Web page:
5 easy hacks to find your bliss at work

Some people have been fortunate enough to get their ideal job while others still haven’t quite found the perfect fit. Either way, whether you love or dread to go to work, whether you work from home or commute for 2 hours to get there, whether you’re the best at what you do or are just figuring it out, one thing is common for everybody out there trying to make a living: there comes a time when you feel like you may have bitten off too much.

Here is a quick runthrough some ideas that will help you keep cool under pressure. Feel free to pick and choose whatever works for you, and to adapt these to better fit your style.


1. Shrink down the to-do list

We know you’re a superhero (or heroine) and you can do those 48 things you planned for the day. There is however a difference between doing them and doing them well. There’s another difference between doing them well and keeping your mental health after that. In order to keep on top of all you should do first up you should prioritize your tasks (what is important, what is under a deadline and so on). Then you can try to group them based on similarities (they require the same toolset, they take place in the same location and so on). Once you have everything in order simply start to eliminate things that are not absolutely necessary. Track your daily meetings using a room booking software and simply look at your daily agenda. Are all those meetings relevant? Will they end up attracting new business or boosting existing ventures? Are you actually needed in that meeting? If not perhaps you need to skip that. Just click decline and you have freed up a half hour for better pursuits.


2. Allow yourself to wander off (physically and mentally)

Sometimes sitting at your desk for a full 10 to 12 hours can feel like being trapped inside a cage. Obviously you should get up and move about for a few minutes. But why not take it a step further? Where would it be easiest for you to focus on a tricky task? The lunchroom? The parking lot? On a bench in a nearby park? Just pick up your essentials and go there until you your batteries have recharged and those creative juices started flowing again. You should also try to learn how to procrastinate productively. Let’s get honest here. We all indulge in a little channel surfing at work. Whatever weapon of choice you have (FB, Youtube, and so on) you are always left with a slightly uncomfortable feeling that you wasted your time on things that you can’t even remember half an hour later. Why not surprise yourself instead and try going boldly to where you have not gone before. Read some tech news. Learn a cross-stitch technique. Take a virtual tour of the Versailles. It doesn’t matter as long as it gives you some fresh new content that you would not have normally exposed yourself to.


3. Divide and conquer

Concentration is great as long as you are aware you cannot keep it up forever. Ever since Henry Ford’s contribution to the world of leisure, by cutting down the work week, people have become aware that more doesn’t necessarily mean better. Recent studies have shown that the optimal work-rest balance would be 52-17 minutes. You could use output tracking apps to see the exact time you spend working, resting and your daily output. You could even schedule meetings with yourself where you can use those 17 minutes to meditate or to evaluate your daily goals. You could even schedule stress time, where you allow yourself to freak out over a seemingly insurmountable task for an uninterrupted 17 minutes in order to be able to fully focus on it once you get back to work. Whatever works for you will definitely help alleviate the pressure and will improve not only your productivity but also your general well-being.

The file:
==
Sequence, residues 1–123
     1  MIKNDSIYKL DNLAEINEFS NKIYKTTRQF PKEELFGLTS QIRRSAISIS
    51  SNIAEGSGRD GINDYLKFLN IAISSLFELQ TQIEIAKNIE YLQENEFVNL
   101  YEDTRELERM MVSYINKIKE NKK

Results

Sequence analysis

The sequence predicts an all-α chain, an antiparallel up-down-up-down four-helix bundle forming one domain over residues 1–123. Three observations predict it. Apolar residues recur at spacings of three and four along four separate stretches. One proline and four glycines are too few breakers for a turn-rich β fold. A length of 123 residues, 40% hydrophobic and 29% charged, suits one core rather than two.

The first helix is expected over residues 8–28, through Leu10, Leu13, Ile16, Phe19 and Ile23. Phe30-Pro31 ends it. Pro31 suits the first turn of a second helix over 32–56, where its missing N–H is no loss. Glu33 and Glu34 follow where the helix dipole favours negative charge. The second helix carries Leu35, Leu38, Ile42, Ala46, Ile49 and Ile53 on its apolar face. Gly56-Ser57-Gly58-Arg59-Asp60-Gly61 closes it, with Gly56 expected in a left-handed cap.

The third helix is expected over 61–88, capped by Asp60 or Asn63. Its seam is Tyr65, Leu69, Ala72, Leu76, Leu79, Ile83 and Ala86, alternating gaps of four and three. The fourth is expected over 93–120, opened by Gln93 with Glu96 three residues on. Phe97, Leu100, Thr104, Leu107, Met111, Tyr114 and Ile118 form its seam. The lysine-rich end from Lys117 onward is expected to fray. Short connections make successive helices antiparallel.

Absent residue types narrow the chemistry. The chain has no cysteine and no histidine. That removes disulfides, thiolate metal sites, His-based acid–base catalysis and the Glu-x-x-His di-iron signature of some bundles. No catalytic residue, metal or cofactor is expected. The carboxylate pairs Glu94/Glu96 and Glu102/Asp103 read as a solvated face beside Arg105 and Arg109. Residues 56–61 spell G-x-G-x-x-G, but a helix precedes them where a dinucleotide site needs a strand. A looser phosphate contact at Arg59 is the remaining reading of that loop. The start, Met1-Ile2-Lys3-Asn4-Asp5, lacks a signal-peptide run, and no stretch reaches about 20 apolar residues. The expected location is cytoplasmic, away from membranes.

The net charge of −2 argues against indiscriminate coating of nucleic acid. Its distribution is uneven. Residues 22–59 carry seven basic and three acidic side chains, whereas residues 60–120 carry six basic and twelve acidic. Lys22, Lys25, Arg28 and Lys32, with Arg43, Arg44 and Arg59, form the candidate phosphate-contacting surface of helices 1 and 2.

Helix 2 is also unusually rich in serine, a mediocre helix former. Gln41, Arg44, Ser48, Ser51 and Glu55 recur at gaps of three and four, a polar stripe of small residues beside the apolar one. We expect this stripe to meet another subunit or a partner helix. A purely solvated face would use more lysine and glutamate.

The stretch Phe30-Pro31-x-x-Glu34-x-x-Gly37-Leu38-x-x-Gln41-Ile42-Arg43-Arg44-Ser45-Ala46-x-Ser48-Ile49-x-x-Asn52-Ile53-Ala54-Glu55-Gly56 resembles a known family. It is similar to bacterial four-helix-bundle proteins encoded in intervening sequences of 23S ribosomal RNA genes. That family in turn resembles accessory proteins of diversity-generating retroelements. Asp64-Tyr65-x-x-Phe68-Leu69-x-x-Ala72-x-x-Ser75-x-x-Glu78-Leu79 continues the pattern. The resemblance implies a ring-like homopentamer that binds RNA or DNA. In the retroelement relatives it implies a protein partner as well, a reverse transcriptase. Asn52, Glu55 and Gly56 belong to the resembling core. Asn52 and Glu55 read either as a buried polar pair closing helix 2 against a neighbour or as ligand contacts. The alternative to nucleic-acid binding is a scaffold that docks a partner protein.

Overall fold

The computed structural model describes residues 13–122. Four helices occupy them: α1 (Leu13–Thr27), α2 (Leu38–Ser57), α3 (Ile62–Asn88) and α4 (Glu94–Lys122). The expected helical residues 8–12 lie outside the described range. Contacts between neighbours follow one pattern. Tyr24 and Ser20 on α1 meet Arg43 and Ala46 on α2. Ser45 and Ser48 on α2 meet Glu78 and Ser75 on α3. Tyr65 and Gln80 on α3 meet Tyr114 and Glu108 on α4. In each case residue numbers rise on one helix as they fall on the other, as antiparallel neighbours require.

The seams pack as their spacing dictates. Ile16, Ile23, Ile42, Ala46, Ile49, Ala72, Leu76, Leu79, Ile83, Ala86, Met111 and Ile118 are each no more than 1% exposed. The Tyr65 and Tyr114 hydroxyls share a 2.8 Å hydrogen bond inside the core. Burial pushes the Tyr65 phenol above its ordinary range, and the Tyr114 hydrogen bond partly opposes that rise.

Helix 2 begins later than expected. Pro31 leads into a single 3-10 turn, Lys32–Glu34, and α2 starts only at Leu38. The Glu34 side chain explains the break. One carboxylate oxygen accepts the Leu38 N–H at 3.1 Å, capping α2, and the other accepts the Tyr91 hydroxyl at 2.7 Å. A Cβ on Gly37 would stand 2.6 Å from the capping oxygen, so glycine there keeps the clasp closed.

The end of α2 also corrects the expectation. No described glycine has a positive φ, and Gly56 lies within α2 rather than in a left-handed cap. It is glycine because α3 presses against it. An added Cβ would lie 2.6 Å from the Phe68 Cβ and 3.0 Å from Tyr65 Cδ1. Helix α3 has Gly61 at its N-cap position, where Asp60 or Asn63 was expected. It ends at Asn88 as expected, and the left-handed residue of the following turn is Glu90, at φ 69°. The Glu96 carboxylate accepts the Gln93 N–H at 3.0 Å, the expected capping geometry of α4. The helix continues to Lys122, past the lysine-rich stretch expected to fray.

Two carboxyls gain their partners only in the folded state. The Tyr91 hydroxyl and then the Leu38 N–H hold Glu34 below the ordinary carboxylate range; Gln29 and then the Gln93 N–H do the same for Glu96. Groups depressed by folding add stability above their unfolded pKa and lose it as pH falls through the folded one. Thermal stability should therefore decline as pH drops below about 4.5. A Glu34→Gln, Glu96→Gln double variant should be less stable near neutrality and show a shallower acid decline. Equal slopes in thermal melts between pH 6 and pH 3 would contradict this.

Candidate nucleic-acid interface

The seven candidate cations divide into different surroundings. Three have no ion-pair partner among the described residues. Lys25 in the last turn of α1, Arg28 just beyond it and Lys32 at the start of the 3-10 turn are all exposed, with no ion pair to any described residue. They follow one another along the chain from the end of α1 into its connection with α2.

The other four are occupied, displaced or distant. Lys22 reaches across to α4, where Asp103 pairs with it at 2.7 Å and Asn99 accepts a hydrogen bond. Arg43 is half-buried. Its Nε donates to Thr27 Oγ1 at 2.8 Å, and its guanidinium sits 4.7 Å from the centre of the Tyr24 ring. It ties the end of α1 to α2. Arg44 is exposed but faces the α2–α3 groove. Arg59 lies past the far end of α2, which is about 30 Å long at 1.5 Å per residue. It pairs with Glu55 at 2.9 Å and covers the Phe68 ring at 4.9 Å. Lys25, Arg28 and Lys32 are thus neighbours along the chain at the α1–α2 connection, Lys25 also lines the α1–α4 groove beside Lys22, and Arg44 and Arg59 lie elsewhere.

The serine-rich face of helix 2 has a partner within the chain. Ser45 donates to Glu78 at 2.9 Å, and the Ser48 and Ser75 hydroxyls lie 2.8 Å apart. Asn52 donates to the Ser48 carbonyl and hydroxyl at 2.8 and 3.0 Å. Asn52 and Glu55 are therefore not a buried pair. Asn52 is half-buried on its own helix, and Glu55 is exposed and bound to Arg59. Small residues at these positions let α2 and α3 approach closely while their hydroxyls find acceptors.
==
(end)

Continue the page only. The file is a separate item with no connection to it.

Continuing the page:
4. Streamline your day

Ancient wisdom (at least since 2015) dictates that where there is a need there’s probably an app for that. Why should you weigh yourself down with details and memos and sticky notes when you can defer all this to a scheduling app, a reminders app, a notes app and so on. There’s even an app that reminds you to drink more water throughout the day, so there’s one less thing to worry about. You should create the habit of using these smart tools at the beginning and end of your work days in order to remove the pressure or the embarrassment of having to admit that you simply forgot certain things.


Under this same heading we can also point out that multitasking isn’t the end-all solution to everything that people think it is. In fact quite the opposite has been proven time and time again. Therefore by cutting it out of your process would not only remove some of the stress that comes along with it, but it will improve your productivity and your overall time-management.


5. And last but not least, never underestimate the power of asking for help

As John Donne once pointed out, no man is an island.  We’re more like part of an archipelago made up of all the people around us. So, with that in mind, we should never feel ashamed or afraid to ask for help when we feel overwhelmed by the task at hand. Some people perceive asking for help as a weakness but it should be instead viewed as a strength that allows us to not only assess a given situation in an objective manner, but also to identify the most appropriate solution, which in this case takes the shape of somebody else more suited for the task.


All in all these few suggestions give you just a starting point in your quest for a better, more fulfilled work life. If you choose to go down this path and expand on it with other possible solutions it is entirely up to you. But who among us would deny themselves a better way of doing things? I know, I wouldn’t!


Alex Ion, Sales and Support Specialist

Written on Tuesday, 20 Feb 2018



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